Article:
Preferably, the surface-modified nanoparticulate calcium salts are firstly produced by a precipitation reaction between aqueous solutions of calcium salts and aqueous solutions of phosphate and/or fluoride salts in the presence of the surface modification agents. These can then be purified from accompanying products of the reaction mixture, e.g., by concentration under reduced pressure and subsequent dialysis. By stripping off the solvent, a dispersion of the surface-modified calcium salt with a solid component can additionally be prepared if desired. The composite material is then formed from surface-coated calcium salt and protein components by addition of the protein components in pure, dissolved or colloidal form, the sequence of the addition again not being critical, and, if necessary, subsequent reaction at elevated temperature, preferably in the range between 50 and 100° C. and for a period of 1 to 100 minutes.

For the preparation of the dental adhesive film according to the invention, the still liquid solution of the support material in water or aqueous alcohol is added to the active compound, that is the finely divided, poorly water-soluble calcium salt or preferably the composite material of the poorly soluble calcium salt and a protein component. For this, the active compound can be used as a water- and solvent-free powder or alternatively as an aqueous or aqueous-alcoholic dispersion. Finally, the dispersion obtained in this case is dried in a thin layer on a nonadhering substrate. The addition amount depends here on how much of the active compound is to be contained in the finished dental adhesive film. In a preferred embodiment of the invention, the active compound is contained in the ready-to-use dental adhesive film in an amount from 0.1-10% by weight.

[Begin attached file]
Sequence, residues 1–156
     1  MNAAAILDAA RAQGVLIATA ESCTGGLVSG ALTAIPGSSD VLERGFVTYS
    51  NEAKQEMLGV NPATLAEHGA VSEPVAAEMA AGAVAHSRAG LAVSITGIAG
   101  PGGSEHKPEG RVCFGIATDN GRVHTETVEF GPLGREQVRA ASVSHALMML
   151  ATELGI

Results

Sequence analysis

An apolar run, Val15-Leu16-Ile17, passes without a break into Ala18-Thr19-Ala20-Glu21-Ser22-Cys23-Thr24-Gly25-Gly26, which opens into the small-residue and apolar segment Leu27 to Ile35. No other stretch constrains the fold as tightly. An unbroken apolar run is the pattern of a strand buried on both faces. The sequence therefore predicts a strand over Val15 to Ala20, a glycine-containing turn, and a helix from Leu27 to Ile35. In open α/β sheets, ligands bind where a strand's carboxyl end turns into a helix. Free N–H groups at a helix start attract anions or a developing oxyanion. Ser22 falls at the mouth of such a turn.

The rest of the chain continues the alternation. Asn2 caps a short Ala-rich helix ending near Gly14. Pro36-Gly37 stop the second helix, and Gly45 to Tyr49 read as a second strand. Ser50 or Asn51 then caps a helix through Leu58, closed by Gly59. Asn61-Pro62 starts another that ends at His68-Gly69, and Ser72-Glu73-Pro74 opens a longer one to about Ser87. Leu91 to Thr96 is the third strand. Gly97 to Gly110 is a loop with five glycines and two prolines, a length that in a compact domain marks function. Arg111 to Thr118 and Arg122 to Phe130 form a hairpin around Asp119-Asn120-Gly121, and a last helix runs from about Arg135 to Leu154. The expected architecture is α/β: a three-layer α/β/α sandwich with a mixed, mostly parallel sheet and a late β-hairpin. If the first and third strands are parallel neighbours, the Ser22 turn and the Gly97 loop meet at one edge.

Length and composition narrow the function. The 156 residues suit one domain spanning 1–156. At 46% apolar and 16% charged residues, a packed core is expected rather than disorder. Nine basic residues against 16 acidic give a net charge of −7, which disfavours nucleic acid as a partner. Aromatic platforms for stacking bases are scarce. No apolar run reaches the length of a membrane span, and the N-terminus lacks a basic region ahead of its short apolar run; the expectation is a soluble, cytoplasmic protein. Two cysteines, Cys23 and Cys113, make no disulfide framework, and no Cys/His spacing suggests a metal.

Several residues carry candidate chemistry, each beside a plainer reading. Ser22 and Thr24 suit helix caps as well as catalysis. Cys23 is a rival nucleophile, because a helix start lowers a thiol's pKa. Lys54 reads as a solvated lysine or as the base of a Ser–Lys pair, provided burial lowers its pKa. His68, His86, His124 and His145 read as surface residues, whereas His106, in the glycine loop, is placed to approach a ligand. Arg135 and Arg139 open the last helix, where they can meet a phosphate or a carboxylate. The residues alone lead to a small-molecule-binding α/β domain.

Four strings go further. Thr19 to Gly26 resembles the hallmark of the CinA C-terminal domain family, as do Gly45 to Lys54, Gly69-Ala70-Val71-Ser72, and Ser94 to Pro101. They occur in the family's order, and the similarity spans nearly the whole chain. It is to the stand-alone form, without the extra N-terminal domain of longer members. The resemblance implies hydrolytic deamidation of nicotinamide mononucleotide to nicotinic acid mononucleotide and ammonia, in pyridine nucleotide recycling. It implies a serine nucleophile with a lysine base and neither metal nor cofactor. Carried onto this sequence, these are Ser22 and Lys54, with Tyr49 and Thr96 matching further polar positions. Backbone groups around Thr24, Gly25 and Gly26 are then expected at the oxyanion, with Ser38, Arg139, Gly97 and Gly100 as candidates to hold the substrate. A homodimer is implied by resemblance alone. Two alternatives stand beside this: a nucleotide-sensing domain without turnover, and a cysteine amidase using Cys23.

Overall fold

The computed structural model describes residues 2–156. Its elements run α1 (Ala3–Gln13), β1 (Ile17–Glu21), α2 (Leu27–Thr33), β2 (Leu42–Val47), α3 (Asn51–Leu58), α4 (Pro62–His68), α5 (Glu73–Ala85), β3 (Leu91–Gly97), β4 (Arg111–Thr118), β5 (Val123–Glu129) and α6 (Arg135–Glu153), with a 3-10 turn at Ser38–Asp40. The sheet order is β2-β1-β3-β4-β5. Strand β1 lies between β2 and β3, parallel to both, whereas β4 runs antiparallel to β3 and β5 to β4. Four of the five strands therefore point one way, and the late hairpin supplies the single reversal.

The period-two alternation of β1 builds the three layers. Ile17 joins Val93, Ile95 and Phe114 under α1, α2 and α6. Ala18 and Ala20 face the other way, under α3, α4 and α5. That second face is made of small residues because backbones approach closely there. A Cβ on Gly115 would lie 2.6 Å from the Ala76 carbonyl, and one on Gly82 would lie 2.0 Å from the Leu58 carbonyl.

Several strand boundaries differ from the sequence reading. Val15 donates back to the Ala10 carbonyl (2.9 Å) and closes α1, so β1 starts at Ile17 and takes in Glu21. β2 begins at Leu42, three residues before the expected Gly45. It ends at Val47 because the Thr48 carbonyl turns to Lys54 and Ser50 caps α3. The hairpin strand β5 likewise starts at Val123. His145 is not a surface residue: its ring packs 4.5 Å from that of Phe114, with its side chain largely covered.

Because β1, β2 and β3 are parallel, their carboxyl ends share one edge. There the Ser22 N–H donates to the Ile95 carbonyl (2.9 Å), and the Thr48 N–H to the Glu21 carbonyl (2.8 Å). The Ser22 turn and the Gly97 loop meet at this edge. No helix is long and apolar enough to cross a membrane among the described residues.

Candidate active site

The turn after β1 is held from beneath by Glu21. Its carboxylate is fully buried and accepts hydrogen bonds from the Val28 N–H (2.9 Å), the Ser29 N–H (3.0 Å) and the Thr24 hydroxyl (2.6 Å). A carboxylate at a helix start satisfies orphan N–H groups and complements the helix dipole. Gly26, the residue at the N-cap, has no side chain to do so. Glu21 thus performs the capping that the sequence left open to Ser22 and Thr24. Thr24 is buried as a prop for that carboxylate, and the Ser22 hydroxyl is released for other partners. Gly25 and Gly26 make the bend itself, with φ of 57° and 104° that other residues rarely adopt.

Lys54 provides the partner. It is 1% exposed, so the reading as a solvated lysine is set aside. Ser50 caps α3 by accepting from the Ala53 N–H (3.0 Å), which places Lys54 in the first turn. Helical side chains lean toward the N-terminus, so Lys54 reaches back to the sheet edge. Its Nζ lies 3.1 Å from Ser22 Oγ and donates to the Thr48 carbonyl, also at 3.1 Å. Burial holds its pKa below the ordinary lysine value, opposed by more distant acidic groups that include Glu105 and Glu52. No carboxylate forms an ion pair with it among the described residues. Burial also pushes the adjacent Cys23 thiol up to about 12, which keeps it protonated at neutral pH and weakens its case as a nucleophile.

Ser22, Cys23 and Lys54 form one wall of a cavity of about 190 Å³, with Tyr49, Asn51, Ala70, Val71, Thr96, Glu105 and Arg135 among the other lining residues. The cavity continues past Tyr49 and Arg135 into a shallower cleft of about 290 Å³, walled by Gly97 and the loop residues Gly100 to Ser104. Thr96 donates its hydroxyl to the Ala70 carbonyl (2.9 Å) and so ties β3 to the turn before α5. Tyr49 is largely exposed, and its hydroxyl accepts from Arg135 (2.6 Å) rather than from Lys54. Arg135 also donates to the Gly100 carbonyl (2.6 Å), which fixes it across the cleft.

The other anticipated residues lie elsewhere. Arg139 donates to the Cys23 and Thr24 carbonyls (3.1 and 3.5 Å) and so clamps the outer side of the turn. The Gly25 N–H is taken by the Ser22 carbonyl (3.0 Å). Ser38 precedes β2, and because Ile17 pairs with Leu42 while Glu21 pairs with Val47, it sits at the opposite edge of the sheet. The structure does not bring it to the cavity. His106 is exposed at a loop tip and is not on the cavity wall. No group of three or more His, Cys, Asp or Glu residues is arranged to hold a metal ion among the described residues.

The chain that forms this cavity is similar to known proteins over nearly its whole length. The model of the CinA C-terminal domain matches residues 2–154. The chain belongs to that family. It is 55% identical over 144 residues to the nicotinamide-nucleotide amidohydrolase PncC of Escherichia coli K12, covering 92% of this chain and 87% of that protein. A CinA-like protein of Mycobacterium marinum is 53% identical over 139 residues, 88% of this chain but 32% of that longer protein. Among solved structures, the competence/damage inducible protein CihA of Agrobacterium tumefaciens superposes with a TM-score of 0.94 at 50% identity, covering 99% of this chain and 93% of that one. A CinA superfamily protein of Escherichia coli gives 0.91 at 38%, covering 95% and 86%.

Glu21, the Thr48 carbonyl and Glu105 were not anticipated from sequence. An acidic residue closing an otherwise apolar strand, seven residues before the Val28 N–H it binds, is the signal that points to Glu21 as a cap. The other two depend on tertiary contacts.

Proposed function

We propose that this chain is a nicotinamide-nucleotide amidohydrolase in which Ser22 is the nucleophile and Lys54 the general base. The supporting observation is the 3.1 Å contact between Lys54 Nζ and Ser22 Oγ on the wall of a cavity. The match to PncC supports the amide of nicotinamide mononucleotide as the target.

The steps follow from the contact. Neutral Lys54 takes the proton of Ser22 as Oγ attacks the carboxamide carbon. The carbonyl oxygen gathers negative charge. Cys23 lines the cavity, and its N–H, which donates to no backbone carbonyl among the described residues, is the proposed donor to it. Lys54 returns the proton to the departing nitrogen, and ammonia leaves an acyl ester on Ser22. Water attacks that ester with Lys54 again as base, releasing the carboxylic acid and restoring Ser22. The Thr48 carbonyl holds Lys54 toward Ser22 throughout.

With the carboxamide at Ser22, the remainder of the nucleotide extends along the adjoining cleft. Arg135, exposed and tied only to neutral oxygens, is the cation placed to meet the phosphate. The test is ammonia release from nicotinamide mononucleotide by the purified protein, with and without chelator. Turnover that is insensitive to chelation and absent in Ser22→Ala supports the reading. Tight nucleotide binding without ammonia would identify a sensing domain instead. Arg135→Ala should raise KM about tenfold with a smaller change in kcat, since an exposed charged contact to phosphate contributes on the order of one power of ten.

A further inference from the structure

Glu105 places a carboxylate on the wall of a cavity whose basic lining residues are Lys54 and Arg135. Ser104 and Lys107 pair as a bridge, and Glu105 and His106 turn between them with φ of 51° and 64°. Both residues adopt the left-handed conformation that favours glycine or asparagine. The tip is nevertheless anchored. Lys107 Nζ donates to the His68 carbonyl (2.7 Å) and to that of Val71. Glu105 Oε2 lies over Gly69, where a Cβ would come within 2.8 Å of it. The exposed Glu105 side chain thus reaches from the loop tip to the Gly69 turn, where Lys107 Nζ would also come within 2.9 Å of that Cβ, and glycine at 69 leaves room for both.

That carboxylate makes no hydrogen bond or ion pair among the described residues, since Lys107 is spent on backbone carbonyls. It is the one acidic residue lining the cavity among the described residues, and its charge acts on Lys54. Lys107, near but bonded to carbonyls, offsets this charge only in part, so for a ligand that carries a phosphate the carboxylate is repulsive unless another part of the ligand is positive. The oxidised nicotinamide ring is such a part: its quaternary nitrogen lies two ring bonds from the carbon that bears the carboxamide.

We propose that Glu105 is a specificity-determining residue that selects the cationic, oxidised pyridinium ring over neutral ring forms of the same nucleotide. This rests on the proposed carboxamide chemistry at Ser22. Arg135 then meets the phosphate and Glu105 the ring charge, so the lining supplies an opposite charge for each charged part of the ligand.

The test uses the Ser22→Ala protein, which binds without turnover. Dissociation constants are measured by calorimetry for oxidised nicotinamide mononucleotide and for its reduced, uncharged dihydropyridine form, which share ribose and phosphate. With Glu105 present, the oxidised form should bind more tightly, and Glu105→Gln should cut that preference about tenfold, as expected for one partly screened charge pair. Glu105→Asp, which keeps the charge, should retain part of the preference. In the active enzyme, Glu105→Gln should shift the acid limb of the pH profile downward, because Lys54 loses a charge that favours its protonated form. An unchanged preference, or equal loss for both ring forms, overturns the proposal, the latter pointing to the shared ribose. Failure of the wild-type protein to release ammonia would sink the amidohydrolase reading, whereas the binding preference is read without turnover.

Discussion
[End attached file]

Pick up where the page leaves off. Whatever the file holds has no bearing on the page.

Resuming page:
Additionally to the remineralizing, finely divided, poorly water-soluble calcium salt contained according to the invention, further active compounds which are favorable for the health of the teeth or of the gums and are compatible with the support material can be contained. Such further active compounds are, for example

    • caries-inhibiting fluorine compounds, e.g., sodium fluoride, tin fluoride or sodium monofluoro-phosphate,
    • anti-tartar active compounds, e.g., organo-phosphates such as 1-hydroxyethane-1,1-di-phosphonic acid, phosphonopropane-1,2,3-tri-carboxylic acid (Na salts), 1-azacycloheptane-2,2-diphosphonic acid (Na salt),
    • desensitizing active compounds such as, for example, potassium nitrate or oil of cloves (eugenol),
    • wound-healing and anti-inflammatory substances such as, for example, allantoin, urea, azulene, camomile active compounds, thiocyanate,
    • deodorizing and antimicrobial substances such as, for example, chlorhexidine, hexetidine, bromo-chlorophene.

Further auxiliaries for improving the organoleptic properties can likewise be contained, e.g.

    • essential oils such as, for example, peppermint oil, spearmint oil, eucalyptus oil, aniseed oil, fennel oil, caraway oil, fruit aromas and synthetic essential oils,
    • sweeteners such as, for example, saccharin sodium, acesulfam-K, Aspartame®, sodium cyclamate, stevioside, thaumatin, sucrose, lactose, maltose, fructose or glycyrrhicin,
    • colorants and pigments.